How to Help Your Kid Be a Divergent Thinker

We’re pretty keen on anything having to do with 21st century learning. Obviously, we’re big believers in encouraging critical thought and innovation, and in the fact that presenting subjects like philosophy to young learners can have huge, lasting benefits.  Philosophy is, after all, supposed to teach you how to think, instead of what to think.

Have you ever heard of divergent thinking? Here’s a terrific clip that explains what it is and how it can benefit all kinds of thinkers. As Sir Ken Robinson describes it in the video, divergent thinking means:

  • more than just being creative.
  • being able to see many different answers to a question.
  • being able to interpret a question in a number of different ways.
As anyone who’s done philosophy with small children (or with big people, for that matter) would, we found this pretty familiar and appealing.  Done properly, philosophical education demands that learners consider a variety of ideas, and that they carefully scrutinize exactly what’s being asked of them in the first place.  This doesn’t mean any old idea is okay, as long as it’s different.  Even if there isn’t one correct answer, there are still going to be some that are better than others, and it’s our job as thinkers to consider, analyze and evaluate each one before accepting or dismissing it.  It’s also our job to throw our fair share of new ones into the pot too.  Without divergent thinkers, philosophy probably would have died out long ago.
Another part of the clip that grabs our attention is the fact that while most small children excel at divergent thinking, adults often struggle with it.  Having done philosophy with both small children and adults, we have to agree.  I clearly remember having a mature student in a lecture shake his head as I explained Descartes’ “I think, therefore I am”, and the only explanation he could give was that it was just too different and weird.  I’ve also heard educators say that it’s impossible to do philosophy in a meaningful way with anyone under the age of 18.  Children in philosophy workshops seem eager to tackle new ideas, to play with them, try them out and propose their own new ones.  Adults, on the other hand, get a little intimidated by the new and the different, and are a lot more hesitant to stray from what they already know.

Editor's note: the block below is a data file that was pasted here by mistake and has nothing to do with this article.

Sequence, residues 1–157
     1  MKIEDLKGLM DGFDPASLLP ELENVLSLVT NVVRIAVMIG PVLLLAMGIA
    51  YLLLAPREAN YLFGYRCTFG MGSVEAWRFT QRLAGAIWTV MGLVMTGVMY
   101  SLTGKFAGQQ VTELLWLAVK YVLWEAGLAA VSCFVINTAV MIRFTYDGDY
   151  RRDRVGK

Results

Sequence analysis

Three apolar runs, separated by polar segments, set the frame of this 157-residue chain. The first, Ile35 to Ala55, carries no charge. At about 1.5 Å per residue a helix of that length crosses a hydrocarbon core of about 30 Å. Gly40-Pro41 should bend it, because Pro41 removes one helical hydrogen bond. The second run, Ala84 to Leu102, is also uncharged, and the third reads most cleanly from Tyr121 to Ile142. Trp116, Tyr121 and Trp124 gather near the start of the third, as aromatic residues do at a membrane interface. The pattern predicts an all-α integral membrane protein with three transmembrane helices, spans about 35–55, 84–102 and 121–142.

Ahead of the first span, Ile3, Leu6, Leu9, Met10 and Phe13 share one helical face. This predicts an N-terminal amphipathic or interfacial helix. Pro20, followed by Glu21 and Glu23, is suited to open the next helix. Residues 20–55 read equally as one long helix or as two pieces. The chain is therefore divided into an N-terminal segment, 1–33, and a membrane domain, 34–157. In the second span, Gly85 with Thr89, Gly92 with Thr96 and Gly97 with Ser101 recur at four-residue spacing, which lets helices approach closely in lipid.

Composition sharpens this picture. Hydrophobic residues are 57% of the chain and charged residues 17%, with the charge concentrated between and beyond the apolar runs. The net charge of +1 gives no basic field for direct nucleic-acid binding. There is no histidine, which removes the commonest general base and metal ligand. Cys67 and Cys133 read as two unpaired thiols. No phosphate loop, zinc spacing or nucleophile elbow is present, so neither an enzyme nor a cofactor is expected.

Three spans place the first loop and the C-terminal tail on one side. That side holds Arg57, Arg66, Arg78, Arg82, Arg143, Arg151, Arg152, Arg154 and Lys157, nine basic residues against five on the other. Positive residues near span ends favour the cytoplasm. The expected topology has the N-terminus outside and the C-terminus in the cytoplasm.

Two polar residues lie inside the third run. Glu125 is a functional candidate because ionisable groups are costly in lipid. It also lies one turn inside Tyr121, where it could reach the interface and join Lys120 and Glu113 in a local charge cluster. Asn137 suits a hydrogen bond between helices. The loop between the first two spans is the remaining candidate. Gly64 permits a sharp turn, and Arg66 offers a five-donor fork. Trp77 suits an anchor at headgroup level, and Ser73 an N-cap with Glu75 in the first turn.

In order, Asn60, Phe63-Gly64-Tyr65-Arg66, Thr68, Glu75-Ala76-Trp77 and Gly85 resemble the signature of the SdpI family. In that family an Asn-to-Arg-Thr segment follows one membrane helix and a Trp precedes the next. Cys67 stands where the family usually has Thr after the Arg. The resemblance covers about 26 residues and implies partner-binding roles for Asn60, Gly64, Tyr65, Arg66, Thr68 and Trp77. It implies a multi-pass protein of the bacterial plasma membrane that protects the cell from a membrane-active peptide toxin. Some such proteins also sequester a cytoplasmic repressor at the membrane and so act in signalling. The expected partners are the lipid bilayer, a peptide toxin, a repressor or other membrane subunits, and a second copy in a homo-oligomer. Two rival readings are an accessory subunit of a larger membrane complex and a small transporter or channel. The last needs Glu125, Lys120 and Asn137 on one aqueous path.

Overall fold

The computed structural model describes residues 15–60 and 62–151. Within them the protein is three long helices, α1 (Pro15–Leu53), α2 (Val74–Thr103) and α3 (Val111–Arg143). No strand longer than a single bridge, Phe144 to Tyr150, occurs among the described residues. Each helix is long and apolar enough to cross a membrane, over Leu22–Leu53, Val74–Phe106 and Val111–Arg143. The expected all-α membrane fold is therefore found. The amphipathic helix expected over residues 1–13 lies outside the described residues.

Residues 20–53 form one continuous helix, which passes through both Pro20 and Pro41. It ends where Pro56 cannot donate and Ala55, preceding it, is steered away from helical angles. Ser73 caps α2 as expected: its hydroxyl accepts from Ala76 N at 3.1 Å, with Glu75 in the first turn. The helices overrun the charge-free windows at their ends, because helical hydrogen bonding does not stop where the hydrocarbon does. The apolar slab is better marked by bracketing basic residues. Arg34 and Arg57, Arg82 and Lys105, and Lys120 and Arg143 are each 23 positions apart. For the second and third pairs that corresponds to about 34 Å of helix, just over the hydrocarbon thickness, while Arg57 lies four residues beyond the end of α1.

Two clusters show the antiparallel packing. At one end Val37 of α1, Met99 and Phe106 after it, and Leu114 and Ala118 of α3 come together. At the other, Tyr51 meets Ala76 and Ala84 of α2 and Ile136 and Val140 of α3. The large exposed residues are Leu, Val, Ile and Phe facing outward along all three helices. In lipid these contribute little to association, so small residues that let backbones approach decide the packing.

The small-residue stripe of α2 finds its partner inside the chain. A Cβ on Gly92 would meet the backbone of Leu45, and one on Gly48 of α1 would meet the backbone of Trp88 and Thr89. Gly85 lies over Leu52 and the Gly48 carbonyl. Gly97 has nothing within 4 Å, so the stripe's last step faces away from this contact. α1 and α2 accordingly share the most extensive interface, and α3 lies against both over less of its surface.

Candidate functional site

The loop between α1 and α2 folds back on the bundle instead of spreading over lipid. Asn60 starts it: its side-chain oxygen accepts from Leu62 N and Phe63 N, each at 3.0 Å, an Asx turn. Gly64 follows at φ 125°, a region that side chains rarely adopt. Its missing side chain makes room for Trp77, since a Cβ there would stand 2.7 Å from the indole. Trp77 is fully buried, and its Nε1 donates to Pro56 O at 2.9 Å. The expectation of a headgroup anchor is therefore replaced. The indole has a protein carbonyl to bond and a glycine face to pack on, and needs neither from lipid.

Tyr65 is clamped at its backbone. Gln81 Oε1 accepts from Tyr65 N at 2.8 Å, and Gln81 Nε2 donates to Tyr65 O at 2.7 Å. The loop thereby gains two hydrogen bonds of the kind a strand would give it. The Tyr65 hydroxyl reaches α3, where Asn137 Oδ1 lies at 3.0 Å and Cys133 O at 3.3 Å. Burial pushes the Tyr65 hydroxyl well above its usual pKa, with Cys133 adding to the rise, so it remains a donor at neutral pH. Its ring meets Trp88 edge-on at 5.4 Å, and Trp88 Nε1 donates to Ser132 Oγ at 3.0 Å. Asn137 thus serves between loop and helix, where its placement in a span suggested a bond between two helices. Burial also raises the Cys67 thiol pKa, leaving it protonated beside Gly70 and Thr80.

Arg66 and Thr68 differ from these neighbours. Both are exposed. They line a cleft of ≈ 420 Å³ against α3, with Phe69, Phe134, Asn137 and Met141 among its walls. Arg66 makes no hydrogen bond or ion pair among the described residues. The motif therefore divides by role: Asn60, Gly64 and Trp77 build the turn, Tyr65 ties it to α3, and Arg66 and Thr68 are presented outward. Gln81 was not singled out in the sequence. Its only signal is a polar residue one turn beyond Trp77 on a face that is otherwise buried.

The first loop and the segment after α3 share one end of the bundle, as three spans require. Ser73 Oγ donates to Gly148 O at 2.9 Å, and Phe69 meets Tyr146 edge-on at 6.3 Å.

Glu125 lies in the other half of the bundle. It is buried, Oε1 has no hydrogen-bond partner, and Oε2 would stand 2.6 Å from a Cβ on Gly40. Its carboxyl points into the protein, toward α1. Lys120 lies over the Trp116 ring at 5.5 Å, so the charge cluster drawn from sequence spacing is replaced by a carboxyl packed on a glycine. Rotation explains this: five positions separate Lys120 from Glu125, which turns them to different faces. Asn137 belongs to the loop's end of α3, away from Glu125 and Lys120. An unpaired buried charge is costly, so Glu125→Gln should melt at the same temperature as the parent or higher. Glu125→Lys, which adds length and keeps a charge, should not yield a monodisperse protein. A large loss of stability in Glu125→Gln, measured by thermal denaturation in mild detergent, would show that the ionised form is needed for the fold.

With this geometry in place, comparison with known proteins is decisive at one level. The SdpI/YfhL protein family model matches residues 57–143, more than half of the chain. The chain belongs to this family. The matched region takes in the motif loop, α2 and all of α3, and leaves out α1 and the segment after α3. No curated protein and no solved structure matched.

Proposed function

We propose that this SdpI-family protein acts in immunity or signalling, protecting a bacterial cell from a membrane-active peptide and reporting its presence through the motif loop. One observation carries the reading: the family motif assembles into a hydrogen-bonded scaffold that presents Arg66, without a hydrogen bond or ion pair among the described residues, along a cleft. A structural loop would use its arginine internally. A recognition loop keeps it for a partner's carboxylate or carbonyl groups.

My question is this: could introducing philosophy to children at an early age help them to continue to think divergently as adults?  I’m not sure if this ability is something we lose because our brains change, or because we’re just discouraged from using it, but it seems to me that a little P4C could at least delay or slow down the loss.  If divergent thinking is a neurological phenomenon, could philosophy keep this important “muscle” from atrophying over time?  If our divergence from divergent thinking is learned as we age, could philosophy help to build a culture in which it just isn’t cool to leave it behind?
Food for thought.  Thank you, Sir Ken, for the bite of wisdom.

Amy Leask